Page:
Southwest Airlines has announced that it will launch flights from California to Hawaii on March 17th. Many of us are very happy to hear this news. How does Hawaiian Airlines feel about the new competitor though? And, most importantly, how will Hawaiian Airlines react to Southwest launching flights to Hawaii?
Southwest’s Service to Hawaii
First of all, let’s take a look at Southwest’s service to Hawaii. As Simple Flying reported, the airline will initially offer direct flights from Oakland (OAK) to Oahu (HNL) and Maui (OGG) and from San Jose (SJC) to Maui (OGG) and Oahu (NHL). SWA will also provide interisland service connecting Honolulu (HNL) with Maui (OGG) and Kona (KOA).
Additionally, passengers traveling from Los Angeles (LAX), Ontario (ONT), Orange County (SNA), Long Beach (LGB), Burbank (BUR), or San Diego (SAN) will be able to book connecting flights to Hawaii.
The tickets are already available for purchase on Southwest’s website. One-way tickets can be purchased for a little as $49, while round-trip tickets are available for $91.60.
Of course, these prices are very cheap. I would assume, however, that Southwest Airlines’ fares will not stay this low forever. They are probably just special fares as the airline is entering a new market.
Hawaiian Airlines’ Service to the Mainland
Hawaiian Airlines provides interisland service, service to the Mainland and service to various international destinations. As a matter of fact, the airline offers nonstop service from Hawaii to the following U.S. cities:
- Las Vegas
- Long Beach
- Los Angeles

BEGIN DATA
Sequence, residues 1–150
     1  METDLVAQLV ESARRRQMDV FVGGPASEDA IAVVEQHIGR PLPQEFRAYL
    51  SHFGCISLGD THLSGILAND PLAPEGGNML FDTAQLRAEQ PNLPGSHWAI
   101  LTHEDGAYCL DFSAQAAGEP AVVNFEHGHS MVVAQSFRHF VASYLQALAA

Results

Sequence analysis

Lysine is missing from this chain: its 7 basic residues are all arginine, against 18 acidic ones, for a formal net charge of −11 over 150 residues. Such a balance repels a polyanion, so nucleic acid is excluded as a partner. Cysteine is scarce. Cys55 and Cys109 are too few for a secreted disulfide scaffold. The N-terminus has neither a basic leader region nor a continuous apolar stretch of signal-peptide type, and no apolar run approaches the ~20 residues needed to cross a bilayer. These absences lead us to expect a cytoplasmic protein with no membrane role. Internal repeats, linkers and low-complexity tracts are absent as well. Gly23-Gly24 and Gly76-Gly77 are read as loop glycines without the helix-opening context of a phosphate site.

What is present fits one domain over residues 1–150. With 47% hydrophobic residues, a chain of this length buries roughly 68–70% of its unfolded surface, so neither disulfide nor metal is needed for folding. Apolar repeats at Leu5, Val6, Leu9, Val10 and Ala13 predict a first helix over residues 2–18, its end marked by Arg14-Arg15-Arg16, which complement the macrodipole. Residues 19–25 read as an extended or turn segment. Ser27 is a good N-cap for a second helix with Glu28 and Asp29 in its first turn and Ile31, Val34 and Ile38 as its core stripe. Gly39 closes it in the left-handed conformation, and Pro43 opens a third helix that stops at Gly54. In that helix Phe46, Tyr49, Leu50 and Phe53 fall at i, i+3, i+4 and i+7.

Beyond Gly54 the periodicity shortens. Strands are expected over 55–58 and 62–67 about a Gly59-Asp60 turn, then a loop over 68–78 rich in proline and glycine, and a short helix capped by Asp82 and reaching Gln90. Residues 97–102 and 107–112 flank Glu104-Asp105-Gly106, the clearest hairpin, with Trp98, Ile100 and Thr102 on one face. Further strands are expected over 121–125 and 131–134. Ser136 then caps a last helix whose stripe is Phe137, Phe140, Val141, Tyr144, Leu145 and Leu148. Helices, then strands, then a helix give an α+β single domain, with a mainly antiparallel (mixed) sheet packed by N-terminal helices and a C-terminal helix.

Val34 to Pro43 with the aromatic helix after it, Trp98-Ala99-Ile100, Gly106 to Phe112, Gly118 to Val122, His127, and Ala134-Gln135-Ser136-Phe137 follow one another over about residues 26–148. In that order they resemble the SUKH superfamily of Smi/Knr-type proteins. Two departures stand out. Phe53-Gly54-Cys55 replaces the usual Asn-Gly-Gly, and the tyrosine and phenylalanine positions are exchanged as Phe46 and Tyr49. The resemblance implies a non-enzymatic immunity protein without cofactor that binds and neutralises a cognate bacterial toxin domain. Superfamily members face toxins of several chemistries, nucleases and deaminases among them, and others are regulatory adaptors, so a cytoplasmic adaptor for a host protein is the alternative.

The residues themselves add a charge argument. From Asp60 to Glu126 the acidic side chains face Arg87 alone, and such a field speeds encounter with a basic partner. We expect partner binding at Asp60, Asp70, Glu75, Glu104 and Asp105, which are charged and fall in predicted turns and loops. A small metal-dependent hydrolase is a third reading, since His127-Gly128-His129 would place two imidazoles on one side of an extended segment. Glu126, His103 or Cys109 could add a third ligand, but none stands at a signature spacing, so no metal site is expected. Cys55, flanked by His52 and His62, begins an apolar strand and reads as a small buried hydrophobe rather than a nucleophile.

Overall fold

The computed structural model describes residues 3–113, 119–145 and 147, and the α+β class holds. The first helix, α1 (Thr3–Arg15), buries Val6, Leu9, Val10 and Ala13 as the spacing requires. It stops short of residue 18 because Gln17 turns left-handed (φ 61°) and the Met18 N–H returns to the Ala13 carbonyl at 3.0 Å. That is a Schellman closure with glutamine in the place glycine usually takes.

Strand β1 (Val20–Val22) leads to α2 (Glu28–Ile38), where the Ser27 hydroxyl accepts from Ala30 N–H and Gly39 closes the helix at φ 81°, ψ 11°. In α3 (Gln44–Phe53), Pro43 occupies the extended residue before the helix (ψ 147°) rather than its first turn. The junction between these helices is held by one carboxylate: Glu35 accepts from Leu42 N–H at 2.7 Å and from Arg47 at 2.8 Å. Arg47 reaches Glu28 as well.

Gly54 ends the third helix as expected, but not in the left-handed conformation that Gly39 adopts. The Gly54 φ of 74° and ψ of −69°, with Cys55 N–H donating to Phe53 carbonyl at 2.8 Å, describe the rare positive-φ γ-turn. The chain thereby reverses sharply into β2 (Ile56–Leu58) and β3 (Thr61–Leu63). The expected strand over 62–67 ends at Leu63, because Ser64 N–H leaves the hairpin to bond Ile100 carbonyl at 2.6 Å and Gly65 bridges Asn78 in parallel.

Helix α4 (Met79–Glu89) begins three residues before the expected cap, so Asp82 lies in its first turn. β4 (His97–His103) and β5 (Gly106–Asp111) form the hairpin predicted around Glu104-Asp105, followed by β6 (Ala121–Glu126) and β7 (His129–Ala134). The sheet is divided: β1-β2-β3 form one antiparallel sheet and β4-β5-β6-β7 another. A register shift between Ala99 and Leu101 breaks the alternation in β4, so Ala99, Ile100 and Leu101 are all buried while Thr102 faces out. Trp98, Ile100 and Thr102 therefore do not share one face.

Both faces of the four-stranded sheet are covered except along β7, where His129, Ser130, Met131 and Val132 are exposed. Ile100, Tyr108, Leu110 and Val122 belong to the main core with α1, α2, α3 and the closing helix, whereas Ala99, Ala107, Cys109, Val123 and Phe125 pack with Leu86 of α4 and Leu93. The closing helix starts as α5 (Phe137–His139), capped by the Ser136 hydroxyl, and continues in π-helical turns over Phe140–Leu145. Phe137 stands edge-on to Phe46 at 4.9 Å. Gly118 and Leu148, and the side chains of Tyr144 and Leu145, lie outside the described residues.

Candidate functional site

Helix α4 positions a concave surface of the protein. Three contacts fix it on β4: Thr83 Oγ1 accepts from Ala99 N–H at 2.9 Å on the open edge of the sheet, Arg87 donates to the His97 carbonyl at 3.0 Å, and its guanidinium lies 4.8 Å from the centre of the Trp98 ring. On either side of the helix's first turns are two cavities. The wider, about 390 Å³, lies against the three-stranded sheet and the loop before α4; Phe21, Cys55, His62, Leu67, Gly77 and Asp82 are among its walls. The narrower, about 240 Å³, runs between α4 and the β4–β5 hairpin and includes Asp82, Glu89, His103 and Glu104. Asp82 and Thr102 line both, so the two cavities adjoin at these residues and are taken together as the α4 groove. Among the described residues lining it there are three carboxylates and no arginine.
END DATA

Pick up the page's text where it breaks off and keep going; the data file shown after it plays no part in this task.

- San Francisco
- New York City
- San Diego
- San Jose
As we can see, Hawaiian Airlines provides nonstop service to significantly more cities on the Mainland than Southwest Airlines will.
Hawaiian Airlines’ ticket prices are significantly higher than Southwest’s though. The cheapest round-trip ticket from Oakland (OAK) to Honolulu (HNL) in April is available for $278. The average price for the same ticket is about $515.
How will Hawaiian Airlines react to Southwest launching flights to the Aloha State?
Airlines typically compete based on fares, added amenities, comfort, and convenience. In this case, the launch of Southwest Airlines’ Hawaii flights will most likely lead to a fare war. As a matter of fact, last month, American Airlines, Hawaiian Airlines, and Alaskan Airlines lowered their fares for round-trip flights between Oakland and Honolulu departing in March in anticipation of SWA’s market entry. Round-trip tickets for all three carriers were available for around $350. Fares, however, can only be lowered so much. At some point, the fare structure becomes unsustainable and leads to significant losses for the airline.
Hawaiian Airlines will most likely not compete based on price alone. The airline definitely has other things going for it. It provides outstanding service and has won numerous awards including:
- Best U.S. Airline by TRAVEL + LEISURE’s Wold’s Best Awards (2011-2017)
- Best Domestic Airline by Conde Nast Traveler Reader’s Choice Awards (2015-2018)
- #1 On-Time Performance by the U.S. Department of Transportation (2004-2017)
just to name a few. As a result, even though Hawaiian Airlines has already lowered its fares on some routes, it will most likely react by competing based on, and advertising, its outstanding service, added convenience, and interisland experience. After all, not all travelers visiting Hawaii will pick the airline based on price alone. There are other things that might be more important to them.
Additionally, the airline serves destinations in the United States that Southwest Airlines will not serve. Consequently, it will only compete with SWA on a few select routes and might put a bigger emphasis on the routes with less competition.
There are most certainly travelers that will prefer Hawaiian Airlines even though Southwest Airlines will offer lower fares. As a result, ultimately, Hawaiian Airlines will likely compete based on its competitive advantage instead of just focusing on price.
All in all, it will be interesting to see how things work out in the long run. I believe there is room for both, Hawaiian Airlines and SWA, to be successful in the Hawaiian market because they are two very different airlines after all.
How do you think Hawaiian Airlines will react to Southwest launching flights to Hawaii?